The Incident Management Team may be supported by as many teams as appropriate taking into account such factors as organization size and type, number of employees, location, etc. Teams should develop response plans to address various aspects of potential crises – such as damage assessment and control, communications, human resources, information technology, and administrative support. Incident response and management plans should be consistent with and included within the overall ORMS. Individuals should be recruited for membership on incident management teams based upon their skills, level of commitment, and vested interest.

The response structure should include provisions/threshold criteria to activate response plans, and identify who has the authority to do the activation. The response structure provides for:

  • A determination of the nature and extent of the undesirable or disruptive incident to establish the scope of the response required, and define actions that might be necessary based on impact and/or potential impact;

  • A response to protect people, assets, and stakeholders’ interests;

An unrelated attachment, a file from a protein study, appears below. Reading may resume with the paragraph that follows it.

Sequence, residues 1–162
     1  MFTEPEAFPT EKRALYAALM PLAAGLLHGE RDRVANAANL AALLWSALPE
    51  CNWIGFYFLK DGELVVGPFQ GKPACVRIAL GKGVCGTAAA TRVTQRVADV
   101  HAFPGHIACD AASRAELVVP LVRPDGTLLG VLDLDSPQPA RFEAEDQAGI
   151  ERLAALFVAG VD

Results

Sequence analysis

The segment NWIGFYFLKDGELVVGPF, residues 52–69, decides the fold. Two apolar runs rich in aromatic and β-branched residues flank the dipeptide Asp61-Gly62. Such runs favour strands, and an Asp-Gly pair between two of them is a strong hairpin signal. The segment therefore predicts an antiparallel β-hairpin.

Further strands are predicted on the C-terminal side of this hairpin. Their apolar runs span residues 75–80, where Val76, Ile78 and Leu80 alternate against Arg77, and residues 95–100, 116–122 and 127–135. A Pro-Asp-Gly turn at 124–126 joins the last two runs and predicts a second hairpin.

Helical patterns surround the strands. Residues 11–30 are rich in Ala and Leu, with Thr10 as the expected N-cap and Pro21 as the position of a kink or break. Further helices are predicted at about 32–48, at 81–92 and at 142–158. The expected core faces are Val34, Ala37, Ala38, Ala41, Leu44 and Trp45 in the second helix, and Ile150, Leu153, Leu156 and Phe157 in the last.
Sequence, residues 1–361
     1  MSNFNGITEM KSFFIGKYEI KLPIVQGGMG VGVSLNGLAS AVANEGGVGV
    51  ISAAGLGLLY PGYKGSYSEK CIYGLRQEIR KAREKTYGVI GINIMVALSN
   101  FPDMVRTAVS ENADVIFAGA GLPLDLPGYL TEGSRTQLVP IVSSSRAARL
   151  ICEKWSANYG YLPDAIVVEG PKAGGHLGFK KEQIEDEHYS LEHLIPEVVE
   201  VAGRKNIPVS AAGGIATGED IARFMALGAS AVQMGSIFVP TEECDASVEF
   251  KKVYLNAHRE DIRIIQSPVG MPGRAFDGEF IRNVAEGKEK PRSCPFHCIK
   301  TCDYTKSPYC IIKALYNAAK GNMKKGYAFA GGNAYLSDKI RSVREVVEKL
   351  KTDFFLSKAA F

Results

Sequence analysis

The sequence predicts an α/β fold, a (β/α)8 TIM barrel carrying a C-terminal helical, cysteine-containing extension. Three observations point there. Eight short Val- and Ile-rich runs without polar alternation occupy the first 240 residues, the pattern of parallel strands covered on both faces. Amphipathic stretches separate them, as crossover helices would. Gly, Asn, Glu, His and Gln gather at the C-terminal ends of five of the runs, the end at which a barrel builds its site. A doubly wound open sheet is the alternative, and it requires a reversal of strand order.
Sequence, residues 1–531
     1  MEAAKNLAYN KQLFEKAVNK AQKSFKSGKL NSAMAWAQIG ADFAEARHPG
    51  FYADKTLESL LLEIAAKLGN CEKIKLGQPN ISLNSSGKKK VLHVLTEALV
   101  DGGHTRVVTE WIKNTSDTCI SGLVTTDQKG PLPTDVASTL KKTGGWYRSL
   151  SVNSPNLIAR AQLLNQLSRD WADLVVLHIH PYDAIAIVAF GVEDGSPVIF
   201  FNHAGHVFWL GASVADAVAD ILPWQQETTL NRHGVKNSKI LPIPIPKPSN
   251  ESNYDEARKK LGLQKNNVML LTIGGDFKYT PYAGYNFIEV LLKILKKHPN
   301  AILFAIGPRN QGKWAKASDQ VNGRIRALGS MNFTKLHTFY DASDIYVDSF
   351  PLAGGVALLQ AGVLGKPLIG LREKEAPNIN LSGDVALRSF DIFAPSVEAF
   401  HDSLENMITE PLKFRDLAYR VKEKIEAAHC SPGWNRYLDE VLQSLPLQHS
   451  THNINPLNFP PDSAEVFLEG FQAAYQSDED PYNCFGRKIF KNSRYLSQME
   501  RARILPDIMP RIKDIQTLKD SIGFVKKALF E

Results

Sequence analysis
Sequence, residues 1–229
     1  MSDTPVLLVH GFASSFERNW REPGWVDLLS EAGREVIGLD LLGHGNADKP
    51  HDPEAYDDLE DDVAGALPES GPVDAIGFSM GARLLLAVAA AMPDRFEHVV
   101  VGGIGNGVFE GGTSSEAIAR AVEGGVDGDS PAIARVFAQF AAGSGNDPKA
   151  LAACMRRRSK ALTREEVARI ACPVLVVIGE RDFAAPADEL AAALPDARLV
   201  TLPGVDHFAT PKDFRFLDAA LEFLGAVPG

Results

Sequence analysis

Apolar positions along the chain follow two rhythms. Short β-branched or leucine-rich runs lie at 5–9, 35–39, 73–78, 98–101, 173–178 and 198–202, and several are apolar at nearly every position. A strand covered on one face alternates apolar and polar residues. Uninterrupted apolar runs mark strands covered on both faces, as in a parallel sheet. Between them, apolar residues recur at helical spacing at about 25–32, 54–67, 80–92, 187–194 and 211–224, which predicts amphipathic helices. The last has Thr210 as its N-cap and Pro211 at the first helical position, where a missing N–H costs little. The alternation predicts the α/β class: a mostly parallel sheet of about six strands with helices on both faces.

• Communication with stakeholders and authorities, as well as the media, using pre-established message templates; and

  • Coordination with initial responders, first responders, and government agencies.

In some organizations, certain divisions, departments, and activities are better situated to address specific aspects of incident response, continuity, and recovery. These organizations may use a tiered approach, establishing multiple teams to focus on specific aspects of managing the disruptive incident (e.g., communications and media response team). The teams should coordinate their activities to assure a seamless response, and be appropriate to the size and nature of the organization. The response structure should avoid vesting authority of the mobilization of a response in a single individual.

A.9.2.4 Selection, Background Screening, and Vetting of Personnel